Crescent Dunes Solar Energy Project

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Crescent Dunes Solar Energy Project
Crescent Dunes Solar Energy Project is located in Nevada
Crescent Dunes Solar Energy Project
Location of Crescent Dunes Solar Energy Project in Nevada
Country United States
Location Tonopah, Nye County, Nevada
Coordinates 38°14′N 117°22′W / 38.233°N 117.367°W / 38.233; -117.367Coordinates: 38°14′N 117°22′W / 38.233°N 117.367°W / 38.233; -117.367
Status Operational
Construction began 2011 (2011)
Commission date 2016[1]
Construction cost $0.975 billion
Owner(s) Tonopah Solar Energy, LLC (SolarReserve, LLC)
Solar field
Type CSP
CSP technology Solar power tower
Collectors 10347 × 115.72 m²
Total collector area 296 acres (1,200,000 m2)
Site area 1,670 acres (676 ha)
Site resource 2,685 kW·h/m2/yr
Power generation
Units operational 1
Make and model Alstom
Nameplate capacity 110 (net) MW[2]
Capacity factor 16.1% (actual) / 51.9% (planned)
Storage capacity 10 hours
Planned generation 500 GW·h[3]

The Crescent Dunes Solar Energy Project is a 110 megawatt (MW) net solar thermal power project with 1.1 gigawatt-hours of energy storage,[1] located near Tonopah, about 190 miles (310 km) northwest of Las Vegas.[4][5] It is the first utility-scale concentrating solar power (CSP) plant with a central receiver tower and advanced molten salt energy storage technology from SolarReserve. The project, developed by SolarReserve and owned by Tonopah Solar Energy, LLC. was anticipated to cost less than $1 billion.[6] EPC Contractor was ACS Cobra, which carried out the engineering design, procured the equipment and materials necessary, and then constructed and delivered the facility to Tonopah Solar Energy.

The project includes 10,347 heliostats that collect and focus the sun's thermal energy to heat molten salt flowing through an approximately 640-foot (200 m) tall solar power tower. The molten salt circulates from the tower to a storage tank, where it is then used to produce steam and generate electricity. Excess thermal energy is stored in the molten salt and can be used to generate power for up to ten hours, including during the evening hours and when direct sunlight is not available.[4] The storage technology also eliminates the need for any backup fossil fuels, such as natural gas. Each heliostat is made up of 35 6×6 feet (1.8 m) mirror facets, yielding a heliostat overall usable area of 1,245 square feet (115.7 m2). Total solar field aperture adds up to 12,882,015 square feet (1,196,778 m2).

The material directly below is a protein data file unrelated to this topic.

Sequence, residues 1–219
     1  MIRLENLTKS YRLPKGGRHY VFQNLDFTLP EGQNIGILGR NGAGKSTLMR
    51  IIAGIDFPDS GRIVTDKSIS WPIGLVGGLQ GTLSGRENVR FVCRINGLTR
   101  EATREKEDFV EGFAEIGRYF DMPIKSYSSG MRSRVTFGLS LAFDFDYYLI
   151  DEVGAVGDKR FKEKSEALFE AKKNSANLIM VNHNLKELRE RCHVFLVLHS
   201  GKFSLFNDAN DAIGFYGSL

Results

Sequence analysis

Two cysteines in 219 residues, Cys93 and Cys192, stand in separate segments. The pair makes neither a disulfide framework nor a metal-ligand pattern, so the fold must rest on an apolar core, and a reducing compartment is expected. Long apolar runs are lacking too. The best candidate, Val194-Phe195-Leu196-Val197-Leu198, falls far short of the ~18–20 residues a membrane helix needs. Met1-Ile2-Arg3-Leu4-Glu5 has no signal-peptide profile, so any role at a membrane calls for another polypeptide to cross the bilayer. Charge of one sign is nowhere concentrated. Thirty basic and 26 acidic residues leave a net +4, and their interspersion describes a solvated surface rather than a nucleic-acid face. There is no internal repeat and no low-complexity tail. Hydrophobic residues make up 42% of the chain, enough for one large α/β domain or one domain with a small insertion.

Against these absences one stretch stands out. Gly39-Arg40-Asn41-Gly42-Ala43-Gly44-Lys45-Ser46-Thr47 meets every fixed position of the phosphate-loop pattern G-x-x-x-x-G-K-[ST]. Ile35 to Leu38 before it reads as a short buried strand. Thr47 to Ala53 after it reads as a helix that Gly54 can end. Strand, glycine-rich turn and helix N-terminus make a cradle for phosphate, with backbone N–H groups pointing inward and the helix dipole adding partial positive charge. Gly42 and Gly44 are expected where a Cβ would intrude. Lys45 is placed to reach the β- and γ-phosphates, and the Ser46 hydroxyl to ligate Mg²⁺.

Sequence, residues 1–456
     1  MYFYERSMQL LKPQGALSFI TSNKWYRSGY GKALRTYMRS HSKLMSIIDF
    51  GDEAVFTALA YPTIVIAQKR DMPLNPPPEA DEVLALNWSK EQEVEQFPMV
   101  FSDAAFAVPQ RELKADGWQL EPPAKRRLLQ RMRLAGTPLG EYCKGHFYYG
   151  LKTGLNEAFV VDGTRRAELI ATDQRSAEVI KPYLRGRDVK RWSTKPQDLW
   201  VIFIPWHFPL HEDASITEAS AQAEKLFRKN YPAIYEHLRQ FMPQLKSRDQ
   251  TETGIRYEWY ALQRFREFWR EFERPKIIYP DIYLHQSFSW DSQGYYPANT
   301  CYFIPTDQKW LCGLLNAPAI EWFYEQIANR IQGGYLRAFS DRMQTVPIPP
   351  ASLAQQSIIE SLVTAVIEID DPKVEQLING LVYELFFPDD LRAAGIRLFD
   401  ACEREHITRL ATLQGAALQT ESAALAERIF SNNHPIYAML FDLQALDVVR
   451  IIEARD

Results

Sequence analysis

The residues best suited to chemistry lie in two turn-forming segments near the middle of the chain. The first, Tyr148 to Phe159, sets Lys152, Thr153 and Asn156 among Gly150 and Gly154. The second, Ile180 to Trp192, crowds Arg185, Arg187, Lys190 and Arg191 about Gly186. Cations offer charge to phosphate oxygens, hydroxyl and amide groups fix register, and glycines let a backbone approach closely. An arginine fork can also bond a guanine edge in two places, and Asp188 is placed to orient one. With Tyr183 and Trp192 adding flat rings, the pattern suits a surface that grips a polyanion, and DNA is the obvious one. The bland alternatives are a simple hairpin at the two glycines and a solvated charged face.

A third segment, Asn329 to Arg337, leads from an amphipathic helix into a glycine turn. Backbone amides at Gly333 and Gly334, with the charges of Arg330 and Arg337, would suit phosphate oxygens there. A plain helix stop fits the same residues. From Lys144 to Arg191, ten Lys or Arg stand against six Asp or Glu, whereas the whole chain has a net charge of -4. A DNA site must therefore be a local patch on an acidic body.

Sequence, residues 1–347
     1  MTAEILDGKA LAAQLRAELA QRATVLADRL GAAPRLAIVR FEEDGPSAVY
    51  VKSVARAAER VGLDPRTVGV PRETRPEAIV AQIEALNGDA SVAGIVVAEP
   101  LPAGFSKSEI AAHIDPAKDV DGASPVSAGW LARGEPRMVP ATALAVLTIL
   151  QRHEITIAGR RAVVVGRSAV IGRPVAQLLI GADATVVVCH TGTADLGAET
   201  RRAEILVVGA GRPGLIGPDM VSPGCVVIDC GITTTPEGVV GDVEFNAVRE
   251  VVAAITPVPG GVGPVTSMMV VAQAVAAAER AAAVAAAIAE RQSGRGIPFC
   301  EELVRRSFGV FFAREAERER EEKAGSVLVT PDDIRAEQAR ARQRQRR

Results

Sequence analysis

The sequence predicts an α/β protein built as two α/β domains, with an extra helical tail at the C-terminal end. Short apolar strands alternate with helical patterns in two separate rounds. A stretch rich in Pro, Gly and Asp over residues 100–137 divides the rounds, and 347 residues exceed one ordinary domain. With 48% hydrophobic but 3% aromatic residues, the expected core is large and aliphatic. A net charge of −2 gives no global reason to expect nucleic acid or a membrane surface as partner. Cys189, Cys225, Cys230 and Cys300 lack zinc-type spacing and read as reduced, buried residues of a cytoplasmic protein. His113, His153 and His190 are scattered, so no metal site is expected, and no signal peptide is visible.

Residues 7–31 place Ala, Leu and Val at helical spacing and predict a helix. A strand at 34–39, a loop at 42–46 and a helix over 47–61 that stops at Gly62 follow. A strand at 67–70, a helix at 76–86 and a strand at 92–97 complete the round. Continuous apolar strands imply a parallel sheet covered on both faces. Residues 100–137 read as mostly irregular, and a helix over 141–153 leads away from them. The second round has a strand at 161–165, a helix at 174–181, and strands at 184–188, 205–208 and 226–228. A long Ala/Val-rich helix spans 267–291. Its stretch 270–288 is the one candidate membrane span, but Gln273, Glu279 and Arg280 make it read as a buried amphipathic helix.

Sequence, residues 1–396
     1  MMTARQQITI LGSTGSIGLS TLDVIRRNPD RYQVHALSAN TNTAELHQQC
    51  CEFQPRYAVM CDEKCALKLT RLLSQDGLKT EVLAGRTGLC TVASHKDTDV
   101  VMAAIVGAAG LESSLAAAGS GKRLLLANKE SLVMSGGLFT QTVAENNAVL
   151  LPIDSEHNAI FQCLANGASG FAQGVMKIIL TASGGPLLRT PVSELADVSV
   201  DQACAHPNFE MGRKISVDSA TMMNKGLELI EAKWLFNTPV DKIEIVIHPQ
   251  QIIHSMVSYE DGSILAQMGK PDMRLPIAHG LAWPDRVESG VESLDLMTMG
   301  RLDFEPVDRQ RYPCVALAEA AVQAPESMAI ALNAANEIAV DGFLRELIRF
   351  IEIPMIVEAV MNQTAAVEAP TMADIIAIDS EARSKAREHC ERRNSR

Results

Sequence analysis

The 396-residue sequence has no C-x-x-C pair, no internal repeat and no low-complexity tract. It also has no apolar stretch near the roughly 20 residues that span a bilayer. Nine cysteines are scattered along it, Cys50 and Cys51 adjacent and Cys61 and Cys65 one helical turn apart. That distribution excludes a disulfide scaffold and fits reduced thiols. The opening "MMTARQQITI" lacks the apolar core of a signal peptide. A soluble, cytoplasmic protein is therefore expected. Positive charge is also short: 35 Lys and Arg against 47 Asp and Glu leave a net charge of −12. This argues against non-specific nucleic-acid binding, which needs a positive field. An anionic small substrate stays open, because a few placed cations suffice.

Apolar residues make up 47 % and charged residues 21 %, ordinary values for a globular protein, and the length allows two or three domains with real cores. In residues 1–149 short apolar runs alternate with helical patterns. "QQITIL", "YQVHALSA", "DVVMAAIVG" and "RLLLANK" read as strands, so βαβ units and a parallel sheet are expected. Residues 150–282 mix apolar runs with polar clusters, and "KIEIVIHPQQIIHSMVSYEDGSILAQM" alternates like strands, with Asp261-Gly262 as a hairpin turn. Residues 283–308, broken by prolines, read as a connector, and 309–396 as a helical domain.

Under a power purchase agreement (PPA) between SolarReserve and NV Energy, all power generated by the Crescent Dunes project in the next 25 years will be sold to Nevada Power Company for $0.135 per kilowatt-hour.[6] In late September, 2011, Tonopah Solar Energy received a $737 million loan guarantee from the U.S. Department of Energy (DOE).[4]

Ground was broken on the project in September 2011.[7] Construction terminated at the end of 2013, followed by several months of testing the plant systems. Melting about 70,000,000 pounds (32,000,000 kg) of salt takes two months. Once melted, the salt stays melted for the life of the plant and gets cycled through the receiver for reheating.[8] The project entered commissioning phase in February 2014 following completion of construction.[9] It has been operational since September 2015.[10]


Crescent Dunes synchronized to the grid in October 2015 and began delivering energy.[11] The facility was commissioned in February 2016 and will ramp up production over the next year.[12]

Solar Energy production is as follows.[13]

Generation (MW·h) of Crescent Dunes Solar Energy [14]
Year Jan Feb Mar Apr May Jun Jul Aug Sep Oct Nov Dec Total
2015 1,703 1,831 0 3,534
2016 1,504 9,095 7,099 2,158 11,485 6,216 25,560 28,267 30,514 5,410 0 - 127,308
Total 130,842

See also[edit]


  1. ^ a b "Crescent Dunes 24-Hour Solar Tower Is Online". CleanTechnica. 22 February 2016. Retrieved 15 June 2016. 
  2. ^ "Crescent Dunes Solar Thermal Power Plant". Grupo COBRA. Retrieved 15 January 2016. 
  3. ^ "Crescent Dunes". Retrieved 14 November 2015. 
  4. ^ a b c "Energy Department Finalizes $737 Million Loan Guarantee to Tonopah Solar Energy for Nevada Project" (Press release). Loan Programs Office (LPO), Dept. of Energy (DOE). 28 September 2011. Retrieved 2 July 2014. 
  5. ^ "Crescent Dunes: Project Under Construction". Loan Programs Office (LPO), Dept. of Energy (DOE). 1 September 2015. Retrieved 17 January 2016. 
  6. ^ a b Wesoff, Eric (29 September 2011). "DOE Races Against the Clock: Two Solar Loans Closed, Seven More to Go". Greentech Media. Retrieved 29 September 2011. 
  7. ^ Tetreault, Steve (28 September 2011). "Nevada solar project to get $737 million federal loan guarantee". Las Vegas Review-Journal. Retrieved 29 September 2011. 
  8. ^ Hashem, Heba (4 April 2014). "No drama as SolarReserve commissions world's largest CSP tower with storage". CSP Today Business Intelligence. FC Business Intelligence Limited. Retrieved 6 May 2014. 
  9. ^ "Crescent Dunes Solar Energy Project, Nevada, United States of America". Retrieved 29 December 2016. 
  10. ^ National Renewable Energy Laboratory (10 November 2015). "Crescent Dunes Solar Energy Project". 
  11. ^ "Crescent Dunes 24-Hour Solar Tower Is Online". CleanTechnica. Retrieved 27 May 2016. 
  13. ^ Energy Information Administration. "Crescent Dunes Solar Energy, Annual". Electricity Data Browser. Retrieved 1 September 2016. 
  14. ^ "Crescent Dunes Solar Energy, Monthly". Electricity Data Browser. Energy Information Administration. Retrieved February 4, 2017. 

External links[edit]